The Abuse and Limits of Pastoral Authority
UPDATE Sept 2021: I have come to believe that Jeff Crippen does not practise what he preaches. He vilely persecuted an abuse victim and spiritually abused many other people in the Tillamook congregation. Go here to read the evidence. Jeff has not gone to the people that he spiritually and emotionally abused. He has not apologised to them, let alone asked for their forgiveness.
[March 8, 2023: There have been some changes made to this post. For more information, read the Editors’ notes at the bottom of the post. Editors.]
(Hebrews 13:17 ESV) Obey your leaders and submit to them, for they are keeping watch over your souls, as those who will have to give an account. Let them do this with joy and not with groaning, for that would be of no advantage to you.
Recently I have been thinking much about the nature of pastoral / church authority, because I am encountering cases in which Christian women who are the victims of abuse are also being abused by their pastor(s) and churches. We have discussed in numbers of other posts how Christians and church leaders so often react to a victim’s request for help with an abusive spouse, but here I want to deal with a specific aspect of that reaction. Namely, the all-too-common abuse of power and authority over the victim on the part of her pastor and Elders.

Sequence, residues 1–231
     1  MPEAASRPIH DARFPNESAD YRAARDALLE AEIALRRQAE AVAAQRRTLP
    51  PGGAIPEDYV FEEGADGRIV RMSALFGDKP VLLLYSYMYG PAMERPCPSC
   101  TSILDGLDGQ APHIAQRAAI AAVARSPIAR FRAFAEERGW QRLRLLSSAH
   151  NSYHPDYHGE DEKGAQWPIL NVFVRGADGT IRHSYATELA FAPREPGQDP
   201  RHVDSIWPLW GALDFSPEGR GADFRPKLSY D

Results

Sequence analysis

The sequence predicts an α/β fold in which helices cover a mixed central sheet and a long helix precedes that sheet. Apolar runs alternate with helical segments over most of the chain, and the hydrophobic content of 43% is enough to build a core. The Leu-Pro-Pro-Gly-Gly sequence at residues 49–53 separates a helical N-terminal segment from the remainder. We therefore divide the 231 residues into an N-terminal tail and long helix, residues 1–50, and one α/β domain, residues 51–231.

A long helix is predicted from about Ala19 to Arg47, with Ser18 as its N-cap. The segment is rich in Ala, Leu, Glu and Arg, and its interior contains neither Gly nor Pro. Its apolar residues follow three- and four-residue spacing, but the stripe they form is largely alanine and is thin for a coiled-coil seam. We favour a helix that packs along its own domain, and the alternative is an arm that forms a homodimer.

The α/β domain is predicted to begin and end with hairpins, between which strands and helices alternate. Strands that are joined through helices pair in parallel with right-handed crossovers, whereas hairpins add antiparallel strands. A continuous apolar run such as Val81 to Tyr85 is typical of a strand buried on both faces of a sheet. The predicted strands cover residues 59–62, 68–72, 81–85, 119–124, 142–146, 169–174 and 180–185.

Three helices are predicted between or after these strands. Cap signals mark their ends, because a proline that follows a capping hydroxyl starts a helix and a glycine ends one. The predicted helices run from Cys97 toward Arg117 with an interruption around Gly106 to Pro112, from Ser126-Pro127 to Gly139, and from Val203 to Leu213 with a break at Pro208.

Genuine Christians want to obey Christ. If Scripture calls us to obey our leaders and submit to them, we want to do it because we want to please our Lord, and because we know it must be for our good. We will all admit that as sheep, we need to be shepherded — fed, protected, and so on. There are wolves out there looking for lamb chops and it takes a seasoned shepherd many times to spot them in their disguises. We want to be in a real flock of Christ. But this genuine desire can also make us prime targets for abusive leaders if we are not careful.
Notice in the Scripture above that we are instructed to submit to our leaders — “for they are keeping watch over your souls”. Furthermore, they are to do so with the full knowledge that they are going to have give an account to the Chief Shepherd for how they cared for His flock. These are the marks then of a true shepherd, functioning as Christ has commanded. They shepherd us for the good of our souls, and they shepherd us as Christ would shepherd us. Notice that a true pastoral ministry works to our advantage, and furthermore it produces joy in our pastors because they see us growing in Christ.
Now, the moment a pastor or Elder ceases to exercise this overseeing ministry in accord with those two qualities of Christ-allocated leadership, they cease to be true shepherds — at least in the particular case in which they err. And thus, they lose any authority as they are functioning outside of the boundaries Christ has established for them. Remember: the only reason any human being has authority is because it is granted by the Lord, and it always has its limits. For a pastor, those limits are defined by the Word of God. It is the Word of God that gives a pastor his authority — which really is never vested within him himself, but in the Word of God. Pastors only have authority — this is true of every Christian as a matter of fact — as they faithfully adhere to and speak the Word of God. The church’s authority does not reside in the church, or in any office-holder in the church, but in the Word of God. We say “thus says the Lord”, not “So say I”. So, for instance, the only reason we can tell someone that unless they repent and believe in Christ they will die in their sins is because that is the Word of God.